Guest speech. Re-orienting discussion on solidarity: Some thoughts on anti-racist and Indigenous struggles. Race and ethnicity in Canada (undergraduate class of Dr. Luisa Swartzman, Sociology. University of Toronto)

2017

Guest speech. Critical discourse analysis. Seminar on research design and methodology (doctoral seminar of Dr. Anne O’Connell, Social Work. York University)

2017

Chatterjee, S. (2015) . Intersections of Higher Education and Student Migration to the West. Café Dissensus. Available at: http://cafedissensus.com/2015/06/14/intersections-of-higher-education-and-student-migration-to-the-west/

2015

Chatterjee, S. (2014) . "Inland Labour Migration in India: Patterns of the Phenomenon and Critical Possibilities". Guest editorial in Café Dissensus. Available at: http://cafedissensus.com/2014/08/01/guest-editorial-inland-labour-migration-in-india-patterns-of-the-phenomenon-and-critical-possibilities/

2014

Discussant. Gendering South Asian Studies. York Centre for Asian Research - South Asia Research Group. York University.

2012

Guest teacher. Women and development (undergraduate class of Dr. Himani Bannerji, Sociology. York University)

2012

Chatterjee, S. (3rd April, 2009) . "'Really want me here, welcome me': Engaging racialized young women in a holistic discussion on their health and well being". Ontario Health Promotion e-Bulletin. No. 610.

2009

Chatterjee, S. & Bhuyan, R. (2009) . Toronto Project Report for Redrawing Resistance: South Asian Women's Stories of Survival and Resistance.

2009

Approach to Teaching


I teach the graduate research seminars. I also teach upper year undergraduate courses in integrating social theories in social work practice, and immigration and refugee protection. Following a firm belief in the inadequacies of discipline bound singular answers, my research questions and plans draw from multiple disciplinary perspectives. Similarly, my pedagogy is informed by three key principles – an appreciation of the personal (as teaching, learning, reading subjects) as the door to sites of inquiry, encouraging an ability to sit with discomfort as key to learning/practising social justice work, and generating/fostering tools to work through learning moments, which involves accepting questions as answers.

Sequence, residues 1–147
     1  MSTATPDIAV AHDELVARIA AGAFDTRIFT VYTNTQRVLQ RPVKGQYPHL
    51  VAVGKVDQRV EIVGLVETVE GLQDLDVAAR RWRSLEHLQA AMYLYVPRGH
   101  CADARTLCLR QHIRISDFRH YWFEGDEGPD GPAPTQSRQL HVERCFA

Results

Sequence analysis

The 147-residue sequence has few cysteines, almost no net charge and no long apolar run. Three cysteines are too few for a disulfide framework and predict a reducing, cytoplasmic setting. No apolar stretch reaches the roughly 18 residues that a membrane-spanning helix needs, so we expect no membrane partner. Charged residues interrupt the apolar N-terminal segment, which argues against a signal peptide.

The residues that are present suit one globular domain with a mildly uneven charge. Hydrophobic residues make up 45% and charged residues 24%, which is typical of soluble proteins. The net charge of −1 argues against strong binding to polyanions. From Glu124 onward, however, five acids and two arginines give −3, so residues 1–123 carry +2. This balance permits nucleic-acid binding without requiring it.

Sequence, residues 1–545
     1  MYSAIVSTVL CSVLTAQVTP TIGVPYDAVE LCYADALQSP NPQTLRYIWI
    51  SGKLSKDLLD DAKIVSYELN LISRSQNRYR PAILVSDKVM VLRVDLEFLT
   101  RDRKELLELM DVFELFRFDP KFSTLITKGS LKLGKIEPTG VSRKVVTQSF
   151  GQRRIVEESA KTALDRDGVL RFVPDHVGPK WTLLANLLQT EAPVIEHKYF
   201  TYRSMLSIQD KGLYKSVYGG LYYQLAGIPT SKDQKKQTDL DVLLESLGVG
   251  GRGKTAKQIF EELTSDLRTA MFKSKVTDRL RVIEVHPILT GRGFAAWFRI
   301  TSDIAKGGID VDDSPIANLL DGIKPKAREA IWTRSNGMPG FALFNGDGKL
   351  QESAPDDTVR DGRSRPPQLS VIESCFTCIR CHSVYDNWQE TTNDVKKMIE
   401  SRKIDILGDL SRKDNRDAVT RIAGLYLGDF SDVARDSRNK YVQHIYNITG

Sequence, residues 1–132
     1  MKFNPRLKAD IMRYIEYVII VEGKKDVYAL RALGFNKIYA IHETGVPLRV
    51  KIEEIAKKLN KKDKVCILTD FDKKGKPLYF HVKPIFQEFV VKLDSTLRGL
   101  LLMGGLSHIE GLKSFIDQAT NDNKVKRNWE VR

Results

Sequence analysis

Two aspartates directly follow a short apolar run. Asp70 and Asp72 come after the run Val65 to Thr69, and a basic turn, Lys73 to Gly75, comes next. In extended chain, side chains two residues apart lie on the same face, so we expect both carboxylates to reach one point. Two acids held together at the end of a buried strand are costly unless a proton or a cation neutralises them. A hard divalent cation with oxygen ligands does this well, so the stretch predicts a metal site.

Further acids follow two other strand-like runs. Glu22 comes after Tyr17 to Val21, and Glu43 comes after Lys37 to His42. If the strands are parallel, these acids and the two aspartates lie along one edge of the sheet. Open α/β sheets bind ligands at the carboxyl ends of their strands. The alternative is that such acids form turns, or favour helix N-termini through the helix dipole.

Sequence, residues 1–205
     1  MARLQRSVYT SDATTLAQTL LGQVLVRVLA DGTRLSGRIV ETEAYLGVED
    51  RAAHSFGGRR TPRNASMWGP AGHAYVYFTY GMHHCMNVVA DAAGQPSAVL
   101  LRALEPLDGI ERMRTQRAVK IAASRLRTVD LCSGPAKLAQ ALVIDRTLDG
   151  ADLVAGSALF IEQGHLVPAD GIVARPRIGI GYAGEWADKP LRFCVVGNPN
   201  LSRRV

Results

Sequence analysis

Current Courses

Term Course Number Section Title Type
Fall/Winter 2020 AP/SOWK3060 6.0 B Integrated Social Work Practice LECT
Fall/Winter 2020 AP/SOWK4000 6.0 D Practicum in Social Work I PRAC
Fall/Winter 2020 AP/SOWK4001 6.0 D Practicum in Social Work II PRAC
Fall 2020 GS/SOWK7010 3.0 A Epistemology SEMR


Upcoming Courses

Term Course Number Section Title Type
Fall/Winter 2020 AP/SOWK3060 6.0 B Integrated Social Work Practice LECT
Fall/Winter 2020 AP/SOWK4000 6.0 D Practicum in Social Work I PRAC
Fall/Winter 2020 AP/SOWK4001 6.0 D Practicum in Social Work II PRAC


My research interests have a few distinct yet interconnected trajectories. Primarily I am interested in migration, mobility and border scholarship. Within that overarching interest, I look into the politics of state formed identity categories (e.g., ‘immigrant’, ‘Canadian’, ‘Canadian-born’, ‘non-status’, ‘refugee’ etc.) and their implications for contemporary Western nation building, the institutionalization of the civilizational ideologies of skills and standard in immigration and citizenship policies, the global race for knowledge (e.g., discourses of internationalization and study migration policies etc.). Given above interests, the ‘entanglement’ of immigration policies/immigrant integration, anti-racist politics and indigenous self-determination in contemporary settler nations, primarily Canada, forms another important pillar of my research interests. Finally, I am a keen follower of social and political issues of relevance to South Asia and South Asians (in diaspora and beyond), including student migratory patterns from South Asia, and diaspora engagement policies of major South Asian emigration states. I am currently working on a book length manuscript titled Skills to Build the Nation, which is a study of Canadian skilled labour policies in relation to post-liberalization Canadian nationalism.

Degrees

PHD, OISE-University of Toronto, Canada
MSW, University of Toronto, Canada
MA, University of Burdwan, West Bengal, India

Appointments

Faculty of Graduate Studies

Community Contributions

2019 - Chatterjee, S. & Sultana Jahangir (ED, SAWRO). Better jobs, living wages. A forum organized with South Asian Women’s Rights Organization. For York University Community Conversations - Series 4 – Immigrant Experience in Canada.

2018 - Chatterjee, S. & Campbell, M. “First peoples to newcomers: How do we know each other?” Workshop facilitation. Community – Education – Change. KIHKINOOHAMAAKEWIN - Indigenous Ways of Knowing. Tommy Douglas Institute. George Brown College.

2016 - Roundtable Participant. Report to the United Nations Committee on the Elimination of Racial Discrimination in Canada. The Metro Toronto Chinese & Southeast Asian Legal Clinic & the Colour of Poverty–Colour of Change Campaign

Research Interests

Immigration , Race and Racism, Anti-racism and Indigenous self determination , Teaching migration and nationalism in social work , International higher education, student migration from Asia , Social and political issues in South Asia and the South Asian diaspora

Current Research Projects

Developing Responsible Global Citizenship through the Teaching of Languages, Literatures, Cultures and Society